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Jul 19, 2017 7:57 PM CST
|I'm preparing my flower bed for my newly ordered irises. My results with iris blossoms in the past have been mediocre so I'm soliciting help to tell me what the best additives would be for my soil. I live in the foothills of the Cascade Mountains in Washington State at an elevation of 500 feet. My soil is acidic due to the fir and spruce trees that surround our property. At one time a river covered our property leaving clay and sand as the base of our soil. I recently did a soil test and found that while our soil has potassium and potash at reasonable levels, we seem to have no nitrogen present. Is that possible or should I buy an new tester?
So should I add manure to our soil or not? I've read recommendations for both ways. Should I add lime to my soil? Or any other additives? I love irises and would like to have them flourish here instead of shrinking and drying out without any new growth?
Jul 20, 2017 3:58 AM CST
|If you have your soil tested at most places they will recommend the levels of nutrients to add to the soil. Looks like there is some moss growing on the soil, a sure sign of acid. Bearded Irises like a more neutral soil, so lime would help. Also some compost would be good. Maybe you should grow a few Siberian irises, they like the acid soil. You could try raised beds with some good soil in them. I'm sure others will have some good suggestions. Good Luck! |
I am not afraid of an army of lions led by a sheep; I am afraid of an army of sheep led by a lion. - Alexander the Great
Jul 20, 2017 5:06 AM CST
|Some good compost is always a good idea. Remember that irises are prone to rot if they get too much nitrogen, but they do need some to grow and thrive. If you had problems with bearded irises shriveling up before, I suggest that you give them more water. They do not like to be wet, but they do need water, especially for the first couple of months and during dry periods in spring and summer. |
You don't know if it will grow until you try!
Jul 20, 2017 2:48 PM CST
Acid soil is loved by wild onions and garlic but not by bearded irises. I use ground limestone to help with that issue; it takes a while to work the soil toward a neutral pH but is the best way generally. Soil here is a minute part of sand/shredded shale rock with a mostly clay base so it normally a light brown and hardens after a rain when it dries. Kitchen vegetable waste will be a cheap way to amend the soil. I just bury mine directly between the spaced iris clumps, 4-8" down. A compost bin here never got hot enough to really do a good job and this less laborious method seems to work. A repeat of the dug-in waste can be done about 2-3 months later and very little of the original waste will be found, maybe some egg shell pieces [help with acidity], labels from fruit peels and corn cob parts. Soil will darken as the organic material is absorbed. Of course use nothing that animals like to dig up, although opossums will dig in the veggie matter at times if accessible to them.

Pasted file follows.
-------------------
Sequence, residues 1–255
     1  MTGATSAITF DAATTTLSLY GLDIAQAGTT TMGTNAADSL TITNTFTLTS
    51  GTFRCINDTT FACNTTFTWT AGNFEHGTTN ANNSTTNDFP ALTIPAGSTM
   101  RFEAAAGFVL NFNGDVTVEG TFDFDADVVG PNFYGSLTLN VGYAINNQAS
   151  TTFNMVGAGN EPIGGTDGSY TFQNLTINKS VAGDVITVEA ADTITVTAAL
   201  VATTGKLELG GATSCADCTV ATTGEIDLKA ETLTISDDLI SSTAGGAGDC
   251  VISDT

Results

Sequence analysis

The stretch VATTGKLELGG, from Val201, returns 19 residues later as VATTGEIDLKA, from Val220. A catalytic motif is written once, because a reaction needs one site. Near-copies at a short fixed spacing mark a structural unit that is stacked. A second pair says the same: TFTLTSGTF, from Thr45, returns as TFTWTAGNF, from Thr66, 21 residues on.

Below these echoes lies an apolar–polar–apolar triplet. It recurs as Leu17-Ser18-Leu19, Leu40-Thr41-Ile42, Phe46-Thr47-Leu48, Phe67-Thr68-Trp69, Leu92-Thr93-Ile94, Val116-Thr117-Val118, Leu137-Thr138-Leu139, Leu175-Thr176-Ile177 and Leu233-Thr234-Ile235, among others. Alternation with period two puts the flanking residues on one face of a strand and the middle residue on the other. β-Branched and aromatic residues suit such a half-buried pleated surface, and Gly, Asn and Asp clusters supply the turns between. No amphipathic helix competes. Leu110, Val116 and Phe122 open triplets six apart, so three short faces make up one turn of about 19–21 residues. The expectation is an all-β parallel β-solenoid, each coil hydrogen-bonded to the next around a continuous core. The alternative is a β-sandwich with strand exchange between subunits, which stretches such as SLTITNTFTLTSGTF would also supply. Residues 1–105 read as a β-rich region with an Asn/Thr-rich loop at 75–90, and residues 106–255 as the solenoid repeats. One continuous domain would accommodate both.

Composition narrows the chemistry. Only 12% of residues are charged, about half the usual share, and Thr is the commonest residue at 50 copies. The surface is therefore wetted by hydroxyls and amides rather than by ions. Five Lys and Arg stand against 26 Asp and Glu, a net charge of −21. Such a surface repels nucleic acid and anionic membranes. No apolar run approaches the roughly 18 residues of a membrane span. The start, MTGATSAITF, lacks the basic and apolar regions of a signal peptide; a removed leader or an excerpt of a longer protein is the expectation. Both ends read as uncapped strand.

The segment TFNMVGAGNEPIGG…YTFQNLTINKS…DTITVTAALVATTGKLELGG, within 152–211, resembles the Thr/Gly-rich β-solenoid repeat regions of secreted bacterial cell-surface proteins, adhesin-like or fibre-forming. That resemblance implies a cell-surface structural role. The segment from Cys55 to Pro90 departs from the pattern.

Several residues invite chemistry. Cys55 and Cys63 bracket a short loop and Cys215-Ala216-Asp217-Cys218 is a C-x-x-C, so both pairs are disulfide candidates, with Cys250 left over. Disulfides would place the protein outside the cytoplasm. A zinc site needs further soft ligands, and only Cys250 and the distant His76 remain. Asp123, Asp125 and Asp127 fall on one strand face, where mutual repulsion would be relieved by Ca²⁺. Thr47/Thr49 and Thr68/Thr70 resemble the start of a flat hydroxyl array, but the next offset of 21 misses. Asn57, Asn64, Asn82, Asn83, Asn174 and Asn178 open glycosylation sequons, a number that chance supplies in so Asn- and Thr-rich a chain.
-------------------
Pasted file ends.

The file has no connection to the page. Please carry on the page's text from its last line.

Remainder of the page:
Jul 20, 2017 3:21 PM CST
|All in all, there has been some good advice already given......one thing I would add....if your test showed low nitrogen.....and you "doubt" your test, get another test kit (or have it "professionally done"...it's cheap!) , and then add Nitrogen....if it's still called for ! The "rule of thumb" that's always given is, "irises don't like EXCESSIVE nitrogen....and folks tend to forget the "excessive" part....and all plants ....iris included....need nitrogen. Doing the "row composting", as Dave suggested, does improve the tilth of the soil, but, it also "ties up" some of the available nitrogen to decompose (or "compost" the added vegetable matter, and, if you are "too low" already . If I were you, I'd contact your local County Extension Agent, and they should be able to fix you up with some soil sample bags, and an address to send them to.....and about $20 later, you'll know exactly how much lime, fertilizer, and organic matter you need to add.|